Published January 02, 2020
Quick update: Concourse E is now complete. See how it came to life.
Not every city has an affinity for its airport. But Portland isn’t just any city. And PDX isn’t just any airport.
“You find brands here [at PDX] that Portlanders love, small-businesses, and women- and minority-owned businesses. It reflects the Portland I see on the street every day,” says Katherine Lam, owner and president of Bambuza Vietnam Kitchen. “It gives travelers a taste of the true Portland experience.”
We’ve got good news: More of that neighborhood flavor is landing at the Portland International airport when the freshly expanded Concourse E opens this summer.
If you’ve driven into PDX recently, you may have glimpsed the sleek building going up alongside Airport Way. That’s the bright Concourse E extension. In addition to six new gates for Southwest Airlines, it welcomes a new Bambuza cafe and many more coming attractions.
Wondering what else is unfolding behind those glass walls? Check out this sneak peek of the cool things coming to the brighter, tastier and PDX-ier E gates.
A sweeping wall of windows frames views of Oregon’s biggest volcano. (See what’s inspiring the new designs.)
Tillamook is bringing a slice of the Oregon Coast to PDX, where you can get a taste of your favorite cheese, ice cream and more “dairy done right.” (See a full list of food hot spots coming to the airport.)
The concourse doubles as a gallery for three-dimensional sculptures inspired by Portland’s cityscape and the natural elements of the Pacific Northwest. (Check out our conversation with Jacob.)
(Credit: Fredrick Nilsen)
Tender Loving Empire opens a new marketplace stocked with handmade goods and vinyl LPs.
Sip craft cocktails at Juliett, a landmark lounge from the Lightning Bar Collective — the team behind some of your favorite watering holes like Sweet Hereafter and the Bye and Bye.
(Credit: Sweet Hereafter)
Chow down on bánh mi, pho and more at the latest outpost from this Portland cafe, which sources local ingredients and uses 100% recyclable take-out packaging.
We’re bringing you more cozy spots to relax and recharge — literally — before your next flight.
Now you can get your Jamba smoothies, bowls, juices, shots and more at PDX. And c’mon, sometimes all you need is a cool Caribbean Passion.
Here's what this year will look like for PDX (and you!)
For the past year, we've built a nine-acre roof on a prefabrication lot to the northwest of the airport. The construction crews are now installing the last component—an intricate wood lattice, sourced from sustainable Northwest forests, that will eventually cover the interior ceiling.
What you'll see: If you drive along Marine Boulevard, you can glimpse the roof's dramatic swoops in the prefab lot.
Behind all those partitions in the pre-security area, construction crews have been hollowing out the back half of the main terminal. Starting in March, the exterior structure is also coming down to create a more open, spacious footprint. It may get noisy for a few months!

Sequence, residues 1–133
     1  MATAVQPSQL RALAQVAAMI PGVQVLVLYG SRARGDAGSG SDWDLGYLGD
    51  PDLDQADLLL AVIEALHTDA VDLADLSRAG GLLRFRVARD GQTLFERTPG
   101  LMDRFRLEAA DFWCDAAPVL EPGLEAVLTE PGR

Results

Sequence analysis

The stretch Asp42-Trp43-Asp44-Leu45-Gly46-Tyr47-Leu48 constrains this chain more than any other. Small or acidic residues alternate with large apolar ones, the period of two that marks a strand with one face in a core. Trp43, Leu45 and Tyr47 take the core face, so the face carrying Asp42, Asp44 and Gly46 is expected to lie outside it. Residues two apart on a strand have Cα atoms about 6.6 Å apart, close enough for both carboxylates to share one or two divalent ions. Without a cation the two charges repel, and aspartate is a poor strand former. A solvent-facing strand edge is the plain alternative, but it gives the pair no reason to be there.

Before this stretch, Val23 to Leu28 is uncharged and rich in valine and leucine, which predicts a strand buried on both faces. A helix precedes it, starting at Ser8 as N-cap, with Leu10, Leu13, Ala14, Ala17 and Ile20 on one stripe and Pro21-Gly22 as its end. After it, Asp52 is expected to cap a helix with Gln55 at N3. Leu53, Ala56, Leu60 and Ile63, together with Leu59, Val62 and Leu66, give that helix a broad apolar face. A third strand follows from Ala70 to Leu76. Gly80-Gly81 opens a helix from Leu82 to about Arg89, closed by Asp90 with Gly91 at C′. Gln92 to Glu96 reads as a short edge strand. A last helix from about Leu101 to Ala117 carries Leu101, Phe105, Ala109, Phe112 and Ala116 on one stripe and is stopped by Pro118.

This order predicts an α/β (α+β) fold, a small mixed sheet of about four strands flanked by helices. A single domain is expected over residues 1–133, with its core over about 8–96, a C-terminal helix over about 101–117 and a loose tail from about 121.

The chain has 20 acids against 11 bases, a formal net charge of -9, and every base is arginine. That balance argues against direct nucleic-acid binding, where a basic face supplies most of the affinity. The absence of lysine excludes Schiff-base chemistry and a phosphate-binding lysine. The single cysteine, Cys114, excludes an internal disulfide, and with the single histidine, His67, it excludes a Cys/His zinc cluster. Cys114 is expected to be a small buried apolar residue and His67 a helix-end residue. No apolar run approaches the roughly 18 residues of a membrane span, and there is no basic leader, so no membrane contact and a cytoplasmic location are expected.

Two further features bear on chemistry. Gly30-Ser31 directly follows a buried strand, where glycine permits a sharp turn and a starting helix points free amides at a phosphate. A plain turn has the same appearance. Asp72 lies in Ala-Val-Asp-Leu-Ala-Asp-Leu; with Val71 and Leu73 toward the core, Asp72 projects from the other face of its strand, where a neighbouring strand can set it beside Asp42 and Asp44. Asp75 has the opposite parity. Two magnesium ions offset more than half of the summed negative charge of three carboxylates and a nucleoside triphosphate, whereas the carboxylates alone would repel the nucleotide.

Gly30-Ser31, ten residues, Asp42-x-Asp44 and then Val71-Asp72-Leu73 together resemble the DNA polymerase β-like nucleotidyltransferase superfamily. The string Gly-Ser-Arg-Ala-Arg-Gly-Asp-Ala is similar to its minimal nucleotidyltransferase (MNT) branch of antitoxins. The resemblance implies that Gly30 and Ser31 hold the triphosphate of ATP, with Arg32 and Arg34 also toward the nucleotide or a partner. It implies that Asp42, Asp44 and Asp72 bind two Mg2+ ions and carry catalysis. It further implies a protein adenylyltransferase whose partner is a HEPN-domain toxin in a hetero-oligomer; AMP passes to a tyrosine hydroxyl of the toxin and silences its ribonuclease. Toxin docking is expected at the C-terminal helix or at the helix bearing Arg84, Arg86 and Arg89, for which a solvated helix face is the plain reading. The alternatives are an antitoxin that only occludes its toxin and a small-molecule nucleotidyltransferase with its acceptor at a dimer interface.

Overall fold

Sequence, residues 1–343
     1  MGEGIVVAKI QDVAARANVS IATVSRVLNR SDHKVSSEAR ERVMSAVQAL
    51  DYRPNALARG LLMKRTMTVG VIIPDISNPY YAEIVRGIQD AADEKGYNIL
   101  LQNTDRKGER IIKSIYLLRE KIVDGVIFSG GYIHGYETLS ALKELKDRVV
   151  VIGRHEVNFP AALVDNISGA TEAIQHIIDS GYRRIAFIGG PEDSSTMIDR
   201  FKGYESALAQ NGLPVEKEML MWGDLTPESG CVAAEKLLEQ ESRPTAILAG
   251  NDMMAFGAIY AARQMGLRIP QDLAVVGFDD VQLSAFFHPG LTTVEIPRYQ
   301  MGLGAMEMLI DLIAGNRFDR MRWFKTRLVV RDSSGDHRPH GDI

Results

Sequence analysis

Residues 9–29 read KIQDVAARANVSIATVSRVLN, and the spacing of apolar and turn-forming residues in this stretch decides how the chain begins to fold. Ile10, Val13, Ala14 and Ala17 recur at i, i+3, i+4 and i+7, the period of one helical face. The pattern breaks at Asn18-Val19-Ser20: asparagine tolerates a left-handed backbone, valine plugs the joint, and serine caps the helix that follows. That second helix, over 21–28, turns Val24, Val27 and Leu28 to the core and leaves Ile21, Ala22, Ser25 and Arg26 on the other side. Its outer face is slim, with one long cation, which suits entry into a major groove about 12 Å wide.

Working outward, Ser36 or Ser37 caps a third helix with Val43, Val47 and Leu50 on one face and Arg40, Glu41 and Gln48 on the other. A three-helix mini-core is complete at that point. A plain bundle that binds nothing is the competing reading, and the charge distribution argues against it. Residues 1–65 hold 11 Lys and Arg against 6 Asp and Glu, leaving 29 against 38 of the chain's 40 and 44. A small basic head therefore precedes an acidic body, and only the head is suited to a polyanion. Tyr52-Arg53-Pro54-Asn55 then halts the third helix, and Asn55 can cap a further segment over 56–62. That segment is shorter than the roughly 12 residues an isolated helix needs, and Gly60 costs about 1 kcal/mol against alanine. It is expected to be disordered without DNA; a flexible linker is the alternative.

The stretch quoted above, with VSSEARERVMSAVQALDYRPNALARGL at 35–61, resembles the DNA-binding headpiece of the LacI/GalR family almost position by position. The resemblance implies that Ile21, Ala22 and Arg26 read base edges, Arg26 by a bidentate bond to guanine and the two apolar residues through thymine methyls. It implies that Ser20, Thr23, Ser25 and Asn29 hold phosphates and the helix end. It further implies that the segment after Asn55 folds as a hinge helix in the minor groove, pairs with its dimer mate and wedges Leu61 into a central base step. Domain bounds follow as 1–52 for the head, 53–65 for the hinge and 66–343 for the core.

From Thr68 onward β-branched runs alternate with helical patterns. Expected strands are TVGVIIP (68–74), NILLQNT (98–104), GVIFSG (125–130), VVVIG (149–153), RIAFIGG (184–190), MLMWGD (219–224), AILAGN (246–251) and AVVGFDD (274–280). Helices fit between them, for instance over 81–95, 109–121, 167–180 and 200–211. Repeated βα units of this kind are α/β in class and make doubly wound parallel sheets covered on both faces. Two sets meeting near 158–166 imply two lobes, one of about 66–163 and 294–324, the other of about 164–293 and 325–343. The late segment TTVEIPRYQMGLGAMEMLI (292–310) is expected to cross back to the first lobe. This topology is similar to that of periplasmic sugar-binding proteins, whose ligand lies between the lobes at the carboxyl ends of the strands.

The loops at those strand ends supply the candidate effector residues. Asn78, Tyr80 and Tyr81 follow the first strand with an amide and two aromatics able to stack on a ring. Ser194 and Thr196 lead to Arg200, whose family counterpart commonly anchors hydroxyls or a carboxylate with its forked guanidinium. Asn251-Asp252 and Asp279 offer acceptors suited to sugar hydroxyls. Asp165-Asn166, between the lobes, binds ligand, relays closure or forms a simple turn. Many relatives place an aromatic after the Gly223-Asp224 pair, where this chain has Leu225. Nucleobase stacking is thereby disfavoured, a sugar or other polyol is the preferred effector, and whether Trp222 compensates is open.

What you'll see: Not much, in fact. But when you’re in the ticket lobby and going through security, you may hear and feel what’s happening on the other side of those partitions. We're strategizing ways to counteract the sound, including free earplugs at the front doors and a sensory room in Concourse D.
Next, we’re erecting 34 giant steel Y-shaped columns to hold up the roof. Right now, construction crews are driving steel pilings deep into the ground to anchor these columns. Over the course of a few months, we’ll erect the Y columns one by one.
What you'll see: You probably won't notice—most are going up overnight behind the temporary walls. Late-night travelers will occasionally have to walk a few yards around an installation site.
Once the biggest section of the wood roof is fully assembled, the project team will break it back down into 20 "cassettes". During the summer and fall, Hoffman-Skanska and Mammoet will maneuver each cassette into place over the existing roof. It will take several days to place each cassette, and the work will happen overnight — depending on the section we’re placing, we may guide late-night travelers around a short detour.
What you'll see: Unless you're flying into PDX on a late-night flight, or camped out on Marine Drive at 2 a.m., you won't see much. If you walk to the ends of Concourse C or Concourse D and look back toward the main terminal, you'll catch a glimpse of the airport's new roofline.
In addition to the big projects, you’ll see a host of new amenities appear throughout the airport. A new play area in Concourse E. New art. New restaurants and cafes. (Lardo! Screen Door! Good Coffee!) You're almost guaranteed to encounter something new every time you visit the airport — and we're not talking barricades.